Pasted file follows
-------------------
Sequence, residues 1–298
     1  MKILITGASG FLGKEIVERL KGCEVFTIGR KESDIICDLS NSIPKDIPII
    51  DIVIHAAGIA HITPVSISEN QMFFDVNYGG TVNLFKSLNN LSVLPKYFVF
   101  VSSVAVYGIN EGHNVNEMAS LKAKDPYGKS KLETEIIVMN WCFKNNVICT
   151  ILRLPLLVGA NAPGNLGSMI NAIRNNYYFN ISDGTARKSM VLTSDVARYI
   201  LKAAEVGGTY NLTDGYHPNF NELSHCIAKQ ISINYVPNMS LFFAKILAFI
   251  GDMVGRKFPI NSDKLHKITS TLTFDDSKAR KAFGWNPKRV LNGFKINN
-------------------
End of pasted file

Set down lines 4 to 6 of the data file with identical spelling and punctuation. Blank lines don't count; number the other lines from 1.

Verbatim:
   101  VSSVAVYGIN EGHNVNEMAS LKAKDPYGKS KLETEIIVMN WCFKNNVICT
   151  ILRLPLLVGA NAPGNLGSMI NAIRNNYYFN ISDGTARKSM VLTSDVARYI
   201  LKAAEVGGTY NLTDGYHPNF NELSHCIAKQ ISINYVPNMS LFFAKILAFI